Introduction – Joint Ownership
When considering the intestate succession of real estate, it is important to acknowledge that many forms of property are owned in a manner that provides legally binding instructions for ownership following the death of any individual or joint owner. Of all types of property, real estate is frequently owned in this manner. (Deposit accounts are also frequently owned by multiple parties.)
All property that has legal instructions for its ownership upon an owner’s death is excluded from the intestate estate and cannot be controlled by the intestate laws.
Whether a house must be sold as part of the settlement of an intestate estate will largely depend upon how that house is owned or titled.
Joint Ownership – Spouses
Most spouses own their homes in a form of joint tenancy known as a “tenancy by the entireties.” This form of title causes sole ownership to transfer to the survivor upon the death of either spouse. In these circumstances, the surviving spouse has legal ownership of the entire house upon the other spouse’s death and no other person has a right to claim a portion of its value. This includes creditors, who cannot attach the house or request its sale for payment of the deceased spouse’s individual debts.
Joint Ownership – Children
Any two or more people, whether or not they are related, can also own property in a manner that gives ownership to the survivor or survivors upon the death of any other owner. This form of ownership is known as ‘joint tenancy with the right of survivorship.”
Property owned in this manner is also excluded from the distribution of the intestate estate of each deceased owner, provided that any other joint owner is living at the time of death.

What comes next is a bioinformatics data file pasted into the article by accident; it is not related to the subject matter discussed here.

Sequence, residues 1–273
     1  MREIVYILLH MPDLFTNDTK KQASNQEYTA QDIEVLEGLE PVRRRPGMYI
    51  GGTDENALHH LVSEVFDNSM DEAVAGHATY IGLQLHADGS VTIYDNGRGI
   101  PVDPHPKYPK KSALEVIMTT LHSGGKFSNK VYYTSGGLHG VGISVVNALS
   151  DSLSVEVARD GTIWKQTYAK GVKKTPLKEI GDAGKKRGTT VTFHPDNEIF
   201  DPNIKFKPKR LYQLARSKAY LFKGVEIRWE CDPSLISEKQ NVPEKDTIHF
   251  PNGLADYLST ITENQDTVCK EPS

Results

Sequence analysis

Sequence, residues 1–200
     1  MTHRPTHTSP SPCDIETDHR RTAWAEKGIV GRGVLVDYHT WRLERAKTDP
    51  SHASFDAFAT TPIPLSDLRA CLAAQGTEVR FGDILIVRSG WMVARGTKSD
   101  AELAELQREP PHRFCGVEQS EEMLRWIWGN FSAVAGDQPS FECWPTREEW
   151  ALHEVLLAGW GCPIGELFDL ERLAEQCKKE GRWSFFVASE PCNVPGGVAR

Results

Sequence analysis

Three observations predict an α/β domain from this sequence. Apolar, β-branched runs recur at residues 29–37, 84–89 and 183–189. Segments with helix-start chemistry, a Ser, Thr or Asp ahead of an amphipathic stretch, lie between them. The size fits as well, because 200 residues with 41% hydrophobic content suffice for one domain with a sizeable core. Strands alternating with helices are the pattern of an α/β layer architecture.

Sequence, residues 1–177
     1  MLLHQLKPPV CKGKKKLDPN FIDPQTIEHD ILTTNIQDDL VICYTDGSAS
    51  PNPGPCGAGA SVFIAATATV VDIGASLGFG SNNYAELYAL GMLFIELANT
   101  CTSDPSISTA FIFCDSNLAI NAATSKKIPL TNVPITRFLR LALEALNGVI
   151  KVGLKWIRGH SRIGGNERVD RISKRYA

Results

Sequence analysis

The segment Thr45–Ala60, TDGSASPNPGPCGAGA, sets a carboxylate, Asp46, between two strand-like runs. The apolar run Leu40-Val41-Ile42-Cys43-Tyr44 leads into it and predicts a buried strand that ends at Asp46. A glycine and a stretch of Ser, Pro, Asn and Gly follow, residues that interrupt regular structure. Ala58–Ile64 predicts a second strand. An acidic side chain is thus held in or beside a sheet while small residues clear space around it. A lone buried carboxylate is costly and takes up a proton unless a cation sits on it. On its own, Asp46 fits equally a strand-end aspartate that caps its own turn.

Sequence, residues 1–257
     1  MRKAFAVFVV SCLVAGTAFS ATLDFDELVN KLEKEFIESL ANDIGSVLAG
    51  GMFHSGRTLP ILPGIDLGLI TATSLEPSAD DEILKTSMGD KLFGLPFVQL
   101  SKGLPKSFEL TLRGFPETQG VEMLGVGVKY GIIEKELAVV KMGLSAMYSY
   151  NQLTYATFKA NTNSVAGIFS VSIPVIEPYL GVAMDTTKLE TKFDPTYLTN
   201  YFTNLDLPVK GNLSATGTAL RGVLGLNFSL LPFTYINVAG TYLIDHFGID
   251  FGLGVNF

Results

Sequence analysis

For this reason, parents occasionally transfer title their primary residence to themselves along with one or more of their children as joint tenants with the right of survivorship. When this is done, the parent or parents normally intend to live in the house until death.
Although the parent intends to retain the same control as a sole owner property titled in this manner is owned by all the parties. Even though the parent may be the only person living in the house, perform all maintenance, and pay for all of its expenses, the parent cannot always deal with the house as a sole owner. For instance, if the parent wants to sell or place a mortgage on the property, each child whose name is on title must also participate.
Individually Owned House
If the property is not owned jointly (and is not subject to any other conditions that transfer ownership automatically at death) the property’s value is included in the intestate estate. Like all other forms of intestate property, the house is included in the intestate estate as its cash value.
With an assigned value, any heir whose share of the intestate estate is equal to or greater than the house’s value has the right to ask for the actual house as payment towards his or her share. However, the administrator of the estate is not required to grant this request.